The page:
Folliculitis is the infection and inflammation of one or more hair follicles. The condition may occur anywhere on the skin except the palms of the soles of the feet; the rash may appear as pimples that come to white tips on the face, back, legs, buttocks, or head. Rash itching skin pimples or pustules located around a follicle. Folliculitis starts with the introduction of a skin pathogen to a hair follicle. Hair follicles can be damaged by friction from clothing, an insect bite, blockage of the follicle, shaving, or braids that are too tight and too close to the scalp; the damaged follicles are infected by Staphylococcus. Folliculitis can affect people of all ages. Iron deficiency anemia is sometimes associated with chronic cases. Staphylococcus aureus folliculitis. Hot-tub folliculitis is caused by the bacterium Pseudomonas aeruginosa; the folliculitis occurs after sitting in a hot tub, not properly cleaned before use. Symptoms are found around the body parts that sit in the hot tub: the legs, chest and surrounding areas.
Symptoms are amplified around regions, such as bathing suits. Sycosis vulgaris, Sycosis barbae or Barber's itch is a staphylococcus infection of the hair follicles in the bearded area of the face the upper lip. Shaving aggravates the condition. Gram-negative folliculitis may appear after prolonged acne treatment with antibiotics. Tinea barbae is similar to barber's itch. Malassezia folliculitis known as Pityrosporum folliculitis, is caused by yeasts of the genus Malassezia Herpetic folliculitis may occur when herpes simplex virus infection spreads to nearby hair follicles - around the mouth. Pseudofolliculitis barbae is a disorder occurring when hair curves back into the skin and causes inflammation. Eosinophilic folliculitis may appear in persons with impaired immune systems. Folliculitis decalvans or tufted folliculitis affects the scalp. Several hairs arise from the same hair follicle. Scarring and permanent hair loss may follow; the cause is unknown. Reaction to Demodex mite infestation may be misdiagnosed as folliculitis.
Folliculitis keloidalis scarring on the nape of the neck. Most common among males with curly hair. Oil folliculitis is inflammation of hair follicles due to exposure to various oils and occurs on forearms or thighs, it is common in refinery workers, road workers and sheep shearers. Makeup may cause it. Malignancy may be represented by recalcitrant cases. Topical antiseptic treatment is adequate for most cases Topical antibiotics, such as mupirocin or Neomycin/polymyxin B/bacitracin ointment may be prescribed. Oral antibiotics may be used; some patients may benefit from systemic narrow-spectrum penicillinase-resistant penicillins Fungal folliculitis can worsen with antibiotics and may require an oral antifungal such as Fluconazole. Topical antifungals such as Econazole Nitrate may be effective. Folliculitis may recur after symptoms have gone away. Ingrown hair Boil Malassezia Folliculitis Template:Types and treatments of folliculitis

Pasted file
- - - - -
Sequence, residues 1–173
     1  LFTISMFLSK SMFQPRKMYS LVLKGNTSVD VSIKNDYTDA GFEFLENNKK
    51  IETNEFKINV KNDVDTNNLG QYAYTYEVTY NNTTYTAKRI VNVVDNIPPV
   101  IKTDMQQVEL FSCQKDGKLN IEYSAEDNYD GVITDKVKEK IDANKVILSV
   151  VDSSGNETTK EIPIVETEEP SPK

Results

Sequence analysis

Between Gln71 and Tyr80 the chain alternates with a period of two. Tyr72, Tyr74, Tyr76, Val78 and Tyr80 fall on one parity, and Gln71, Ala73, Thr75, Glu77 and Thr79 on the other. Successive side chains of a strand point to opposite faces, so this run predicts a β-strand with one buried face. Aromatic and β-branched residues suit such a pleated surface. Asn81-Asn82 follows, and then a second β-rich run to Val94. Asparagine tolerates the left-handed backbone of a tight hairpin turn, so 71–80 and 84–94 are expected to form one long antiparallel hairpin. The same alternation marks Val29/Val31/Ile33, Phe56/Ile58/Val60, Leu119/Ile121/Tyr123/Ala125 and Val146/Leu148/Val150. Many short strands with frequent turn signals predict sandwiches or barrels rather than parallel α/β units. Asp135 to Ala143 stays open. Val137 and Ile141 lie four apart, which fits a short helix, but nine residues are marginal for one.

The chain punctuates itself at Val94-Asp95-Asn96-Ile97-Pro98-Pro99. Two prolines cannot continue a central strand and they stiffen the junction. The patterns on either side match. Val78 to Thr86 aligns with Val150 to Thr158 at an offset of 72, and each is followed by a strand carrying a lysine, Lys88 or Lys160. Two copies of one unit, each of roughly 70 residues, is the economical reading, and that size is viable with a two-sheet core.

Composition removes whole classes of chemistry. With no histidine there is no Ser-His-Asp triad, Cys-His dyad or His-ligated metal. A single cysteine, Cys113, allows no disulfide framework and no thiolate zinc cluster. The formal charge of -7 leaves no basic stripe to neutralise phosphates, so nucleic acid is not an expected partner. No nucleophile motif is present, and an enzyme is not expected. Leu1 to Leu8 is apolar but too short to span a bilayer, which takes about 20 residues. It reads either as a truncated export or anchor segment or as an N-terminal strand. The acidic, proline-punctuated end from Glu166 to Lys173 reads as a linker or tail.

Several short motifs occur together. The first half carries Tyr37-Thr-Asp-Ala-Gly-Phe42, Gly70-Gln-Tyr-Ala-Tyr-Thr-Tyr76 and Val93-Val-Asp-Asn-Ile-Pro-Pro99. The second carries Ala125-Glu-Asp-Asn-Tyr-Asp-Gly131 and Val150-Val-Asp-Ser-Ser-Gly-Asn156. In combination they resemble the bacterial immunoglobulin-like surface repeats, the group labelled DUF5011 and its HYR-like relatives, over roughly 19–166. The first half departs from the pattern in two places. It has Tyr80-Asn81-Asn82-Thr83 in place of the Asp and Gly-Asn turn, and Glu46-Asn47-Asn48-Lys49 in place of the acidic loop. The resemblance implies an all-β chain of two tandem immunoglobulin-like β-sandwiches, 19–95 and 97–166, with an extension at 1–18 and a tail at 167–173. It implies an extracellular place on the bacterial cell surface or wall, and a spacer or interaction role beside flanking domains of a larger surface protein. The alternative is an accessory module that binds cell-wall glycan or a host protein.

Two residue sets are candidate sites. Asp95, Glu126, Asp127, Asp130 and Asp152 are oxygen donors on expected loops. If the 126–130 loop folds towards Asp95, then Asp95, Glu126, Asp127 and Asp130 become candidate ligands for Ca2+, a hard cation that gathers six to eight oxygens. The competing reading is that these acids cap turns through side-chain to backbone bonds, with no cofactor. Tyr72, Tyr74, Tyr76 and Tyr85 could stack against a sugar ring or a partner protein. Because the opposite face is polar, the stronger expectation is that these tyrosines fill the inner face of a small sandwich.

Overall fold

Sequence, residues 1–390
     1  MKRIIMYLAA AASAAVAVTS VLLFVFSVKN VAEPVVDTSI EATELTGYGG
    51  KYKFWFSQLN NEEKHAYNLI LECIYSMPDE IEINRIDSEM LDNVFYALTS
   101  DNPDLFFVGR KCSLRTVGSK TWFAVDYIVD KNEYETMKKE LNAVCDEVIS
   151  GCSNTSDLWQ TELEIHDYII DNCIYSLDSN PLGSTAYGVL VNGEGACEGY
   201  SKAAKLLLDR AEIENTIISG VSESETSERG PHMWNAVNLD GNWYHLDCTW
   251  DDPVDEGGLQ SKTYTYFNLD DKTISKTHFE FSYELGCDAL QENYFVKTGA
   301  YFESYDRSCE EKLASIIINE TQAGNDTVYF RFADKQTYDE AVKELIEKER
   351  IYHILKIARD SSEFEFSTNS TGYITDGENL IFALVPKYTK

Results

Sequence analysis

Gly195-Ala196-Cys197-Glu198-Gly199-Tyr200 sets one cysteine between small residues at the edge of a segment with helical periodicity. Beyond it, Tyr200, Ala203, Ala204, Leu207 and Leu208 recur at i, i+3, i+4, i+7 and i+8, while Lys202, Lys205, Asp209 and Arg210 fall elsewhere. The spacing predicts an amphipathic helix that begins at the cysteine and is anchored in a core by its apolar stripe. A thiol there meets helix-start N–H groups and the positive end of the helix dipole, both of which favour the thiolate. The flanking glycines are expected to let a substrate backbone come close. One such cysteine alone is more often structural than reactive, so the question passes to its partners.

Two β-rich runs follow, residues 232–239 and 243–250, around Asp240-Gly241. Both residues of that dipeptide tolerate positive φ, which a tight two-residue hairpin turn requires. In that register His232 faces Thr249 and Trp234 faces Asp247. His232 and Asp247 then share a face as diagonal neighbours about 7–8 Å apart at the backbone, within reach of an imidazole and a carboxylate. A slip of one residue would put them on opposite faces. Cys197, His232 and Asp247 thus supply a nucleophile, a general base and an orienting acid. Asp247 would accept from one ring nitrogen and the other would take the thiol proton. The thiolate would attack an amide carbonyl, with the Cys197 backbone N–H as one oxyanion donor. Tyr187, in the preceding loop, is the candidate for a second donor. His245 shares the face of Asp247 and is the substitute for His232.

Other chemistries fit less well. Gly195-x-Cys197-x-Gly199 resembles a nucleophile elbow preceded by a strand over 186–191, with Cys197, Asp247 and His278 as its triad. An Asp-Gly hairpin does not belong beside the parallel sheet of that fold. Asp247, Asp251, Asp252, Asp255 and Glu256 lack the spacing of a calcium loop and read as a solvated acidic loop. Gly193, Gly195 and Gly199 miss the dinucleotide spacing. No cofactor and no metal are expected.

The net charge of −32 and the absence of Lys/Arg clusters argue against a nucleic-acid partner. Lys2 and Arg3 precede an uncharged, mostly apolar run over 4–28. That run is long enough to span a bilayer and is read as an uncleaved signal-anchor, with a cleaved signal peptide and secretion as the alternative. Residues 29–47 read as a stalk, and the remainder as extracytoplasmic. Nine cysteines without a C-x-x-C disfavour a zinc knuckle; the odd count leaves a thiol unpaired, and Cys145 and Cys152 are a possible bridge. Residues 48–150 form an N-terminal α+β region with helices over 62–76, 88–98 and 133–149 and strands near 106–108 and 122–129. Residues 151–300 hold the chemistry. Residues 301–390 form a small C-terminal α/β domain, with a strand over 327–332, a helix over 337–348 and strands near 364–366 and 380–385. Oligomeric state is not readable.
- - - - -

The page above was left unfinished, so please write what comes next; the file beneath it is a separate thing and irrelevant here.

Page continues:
Kjerringøy trading post is an open-air museum at Kjerringøy in Nordland, Norway. It is operated as part of the Nordland Museum of cultural history. Kjerringøy trading post was established in the late 1700s, it traded over a large area, was licensed to provide accommodation for travelers. Through the buying and selling of fish and fish products is became an affluent trading post; the Kjerringøy merchants bought fish in Lofoten and elsewhere in Nordland, dried or salted the fish and sold it in Bergen and other places. The ships used to transport the goods where single masted open cargo sailing ships, such as the Anna Karoline; the ships returned with foodstuffs, fishing gear and other equipment, which they sold in their local store, or in the Lofoten islands. The business remained quite modest until about 1820; the herring fishery experienced a peak from about 1860. The merchant post's business was at the height of its prosperity around 1875, after which it declined; the merchant at the time invested in mining and other modern enterprises with little success.